Lt. Baxter J. Love, Class of 1944, was killed in action March 27, 1945, when his plane was shot down over Yomata, Japan, his mother was advised by the War Department on December 9, 1945. Previously he was reported as missing. Lt. Love was a junior at Georgia Tech and a pledge of Pi Kappa Phi fraternity when he entered the services in January, 1943. Private Harry C. MacMahon, B.S. in E.E., 1943, was killed on October 7, 1945, at Osaka, Japan, while in the performance of duty. Private MacMahon was working on electric power lines in Hamedera Park, Asaka, Japan, where his unit was located, when through an accident he received a severe electric shock that caused his immediate death. Burial took place the next day at the USAF Cemetery Wakayama No. 1 at the city of Wakayama, Honshu, Japan. Lt. (j.g.) William Noel McGibony, B.S. in T.E., 1939, U.S.N.R.,' died on March 31, 1944, while being held a Prisoner of War at Tan Toey, Amboina, Netherlands East Indies. Lt. McGibony's parent, who reside in Greensboro, N. C , have had no word Irom their son since J u n e 1942, and official news of his death has just recently been received by them. Capt. Brooks Sheldon, B.S. in I.M. 1941, who had been missing since October 9, 1944, w h e n his plane went down over the Adriatic Sea near Parenzo, Italy, has been reported killed in action. He was attached to the Fifteenth Air Force. Lt. Sheldon played half-back on the Yellow Jacket football team. First Lt. Jack Tomlin, class of 1944, died on J a n uary 27, 1945, in a German Field Hospital of wounds received near Linnich on the Roer River in Germany. Lt. Tomlin was previously reported missing in action. He had been overseas since September, 1944. Lt. J. Paul Walker, Jr., B.S. in G.E. '34, died November 22, 1945, at the Atlanta Naval Air Station. Lt. Walker entered the Navy in July, 1942 and served overseas 17 months as commanding officer of a landing craft. He participated in three major campaigns in the Solomon Islands. Upon his return from the Pacific, he was stationed as an instructor at the Amphibious Training Base, Little Creek, Mich. Lt. T. N. Warren, Jr., B.S. in I.M. 1940, has officially been declared to have made the supreme sacrifice, after having been reported missing for over three years. He was a member of the 481st Bombardment Squadron. His craft was reported missing in the vicinity of Tulagi, Solomon Islands.

Thanks a Lot, Alumni It is a great and sincere pleasure, alumni, again to thank you most heartily for your many fine Christmas and New Year cards that carried your very kind thoughts; and, may we repeat our wishes, to you and to yours, for the best of everything good for the New Year and always.





Construction of New Stands Postponed Until 1947

Drawing showing field view of the new West Stands planned for Grant Field. Relocation of the drainage system and the varsity track respectively, together with other ground work, was started on January 1 . Inability to obtain steel is delaying the erection of the stands which, when completed, will add 8 , 0 0 0 scats to the stadium. SPECIAL A N N O U N C E M E N T : While this issue was on the press, President Von Leer announced that the new stands would not be built until 1 9 4 7 , due to unsettled conditions, lack of materials, and building needs of veterans.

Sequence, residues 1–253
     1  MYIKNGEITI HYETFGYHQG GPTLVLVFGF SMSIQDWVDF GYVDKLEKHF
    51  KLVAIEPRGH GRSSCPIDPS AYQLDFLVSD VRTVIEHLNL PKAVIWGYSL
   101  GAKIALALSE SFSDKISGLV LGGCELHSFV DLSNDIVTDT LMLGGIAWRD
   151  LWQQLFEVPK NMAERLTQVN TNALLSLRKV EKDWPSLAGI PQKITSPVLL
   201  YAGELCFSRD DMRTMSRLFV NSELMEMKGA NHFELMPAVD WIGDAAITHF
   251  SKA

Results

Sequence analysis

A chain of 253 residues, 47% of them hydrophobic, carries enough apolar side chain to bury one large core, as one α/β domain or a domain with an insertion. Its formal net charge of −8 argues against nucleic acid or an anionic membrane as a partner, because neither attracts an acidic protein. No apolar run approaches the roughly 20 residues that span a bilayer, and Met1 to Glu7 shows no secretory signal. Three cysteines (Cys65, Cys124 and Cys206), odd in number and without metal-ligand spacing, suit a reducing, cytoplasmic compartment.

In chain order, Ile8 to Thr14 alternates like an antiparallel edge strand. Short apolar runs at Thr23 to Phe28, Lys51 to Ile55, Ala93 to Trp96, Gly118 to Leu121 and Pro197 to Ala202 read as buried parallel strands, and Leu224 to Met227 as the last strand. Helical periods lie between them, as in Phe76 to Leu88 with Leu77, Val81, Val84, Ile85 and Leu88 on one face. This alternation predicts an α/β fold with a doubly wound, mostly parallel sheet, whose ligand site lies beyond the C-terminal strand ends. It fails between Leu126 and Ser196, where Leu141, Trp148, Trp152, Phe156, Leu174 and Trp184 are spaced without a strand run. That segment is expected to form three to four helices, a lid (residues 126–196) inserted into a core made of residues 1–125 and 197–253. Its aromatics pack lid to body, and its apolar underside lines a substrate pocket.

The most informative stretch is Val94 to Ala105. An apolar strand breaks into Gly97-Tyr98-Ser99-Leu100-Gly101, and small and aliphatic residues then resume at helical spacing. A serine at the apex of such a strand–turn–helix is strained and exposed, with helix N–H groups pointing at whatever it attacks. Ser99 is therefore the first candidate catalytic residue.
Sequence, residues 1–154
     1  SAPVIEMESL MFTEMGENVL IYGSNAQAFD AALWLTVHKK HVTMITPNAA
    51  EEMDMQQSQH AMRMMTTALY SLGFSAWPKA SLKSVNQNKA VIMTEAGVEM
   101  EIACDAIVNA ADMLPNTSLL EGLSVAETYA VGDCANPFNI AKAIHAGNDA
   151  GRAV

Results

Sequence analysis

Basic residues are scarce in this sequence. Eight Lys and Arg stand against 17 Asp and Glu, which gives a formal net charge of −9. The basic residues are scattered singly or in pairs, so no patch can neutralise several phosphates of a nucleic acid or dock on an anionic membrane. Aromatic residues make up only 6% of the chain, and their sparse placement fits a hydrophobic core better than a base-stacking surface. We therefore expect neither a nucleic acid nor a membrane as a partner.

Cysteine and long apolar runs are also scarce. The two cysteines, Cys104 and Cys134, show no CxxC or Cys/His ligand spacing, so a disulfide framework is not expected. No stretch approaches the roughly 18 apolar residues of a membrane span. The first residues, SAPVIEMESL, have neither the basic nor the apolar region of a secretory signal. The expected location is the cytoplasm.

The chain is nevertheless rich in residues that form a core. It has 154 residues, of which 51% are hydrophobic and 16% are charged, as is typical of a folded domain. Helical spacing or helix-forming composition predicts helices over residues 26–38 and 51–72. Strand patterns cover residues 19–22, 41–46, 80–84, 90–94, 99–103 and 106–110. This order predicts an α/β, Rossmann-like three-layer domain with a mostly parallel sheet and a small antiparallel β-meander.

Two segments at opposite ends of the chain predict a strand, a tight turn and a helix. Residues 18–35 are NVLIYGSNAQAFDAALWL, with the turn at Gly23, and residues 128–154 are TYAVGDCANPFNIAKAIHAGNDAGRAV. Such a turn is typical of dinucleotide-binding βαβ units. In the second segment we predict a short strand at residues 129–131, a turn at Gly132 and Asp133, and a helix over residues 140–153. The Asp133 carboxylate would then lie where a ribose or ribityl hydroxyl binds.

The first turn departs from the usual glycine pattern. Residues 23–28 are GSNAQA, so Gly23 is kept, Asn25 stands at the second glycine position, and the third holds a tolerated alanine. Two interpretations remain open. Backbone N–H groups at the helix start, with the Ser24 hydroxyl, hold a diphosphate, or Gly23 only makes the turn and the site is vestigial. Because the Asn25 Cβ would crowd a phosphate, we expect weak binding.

Service Citations and Mentions Lt. Col. Robert B. Alford, B.S. in E.E. 1932, stationed at Georgia Tech at the outbreak of the war. has returned to Atlanta from France after a long period overseas. He was transferred to Marseille. France, for duty before his departure to the States. He says that he has met Georgia Tech men all over the world and in all kinds of places, where you least expect to meet any home contacts. Frank Allcorn, III, B.S. in I.M. 1941, attained the rank of Lieutenant Commander while serving in the Navy. He was in combat with the submarine fleet in the Pacific for three years. He received two Silver Stars, a Bronze Star, and his ship received the Presidential Unit Citation. Since returning home, he has joined the Charles G. Bethea Life Assurance Company, in Atlanta. Harry L. Baker, Jr., B.S. in Ch.E. 1934, former Lieutenant Commander in the Navy, is on terminal leave after 29 months of service in the Pacific. He served in the Central Pacific campaign through Okinawa; and was awarded the Bronze Star Medal. Joseph II. Baker, class of 1936, served as a Major in the Corps of Engineers and was overseas for 29 months. He was awarded the Bronze Star with Oak Leaf Cluster. Since his return to civilian life, he has been made Sales Engineer for The Trane Company, Baltimore, Md.

Colonel Geo. R. Baker, class of 1917, recently was presented the Croix de Guerre with palm for exceptional war services rendered in the liberation of France. Col. Baker now is serving with the War Department general staff in Washington. Marvin W. Blumberg, B.S. in I.M. 1940, served as Captain in the 184th AAA Gun Battalion, and is now with Textile Mills Agencv, 302 Kemper Insurance Bldg., Atlanta, Ga. Herbert A. Bolton, B.S. in T.E. 1932, has returned to Griilin, Ga., and is President and Treasurer of Griffin H a r d w a r e Company. He attained the rank of Major in the a r m y and was in service 51 months, 30 of which were spent overseas. Colonel Chas. B. Bottoms, class of 1923, recently sent us an interesting and descriptive account of his life on the Palaus Islands. H e has been overseas more than 18 months and twelve of them have been spent on the Palaus Group. He has been assigned for duty with the Island Command, Peleliu, which is a Marine command, and his present assignment is Assistant Chief of Staff. Hoyt E. Broward, B.S. in M.E. 1940, who served as 1st Lieutenant with the 394th Bomber Group, and received six battle stars, is now connected with (Covtinued on next page)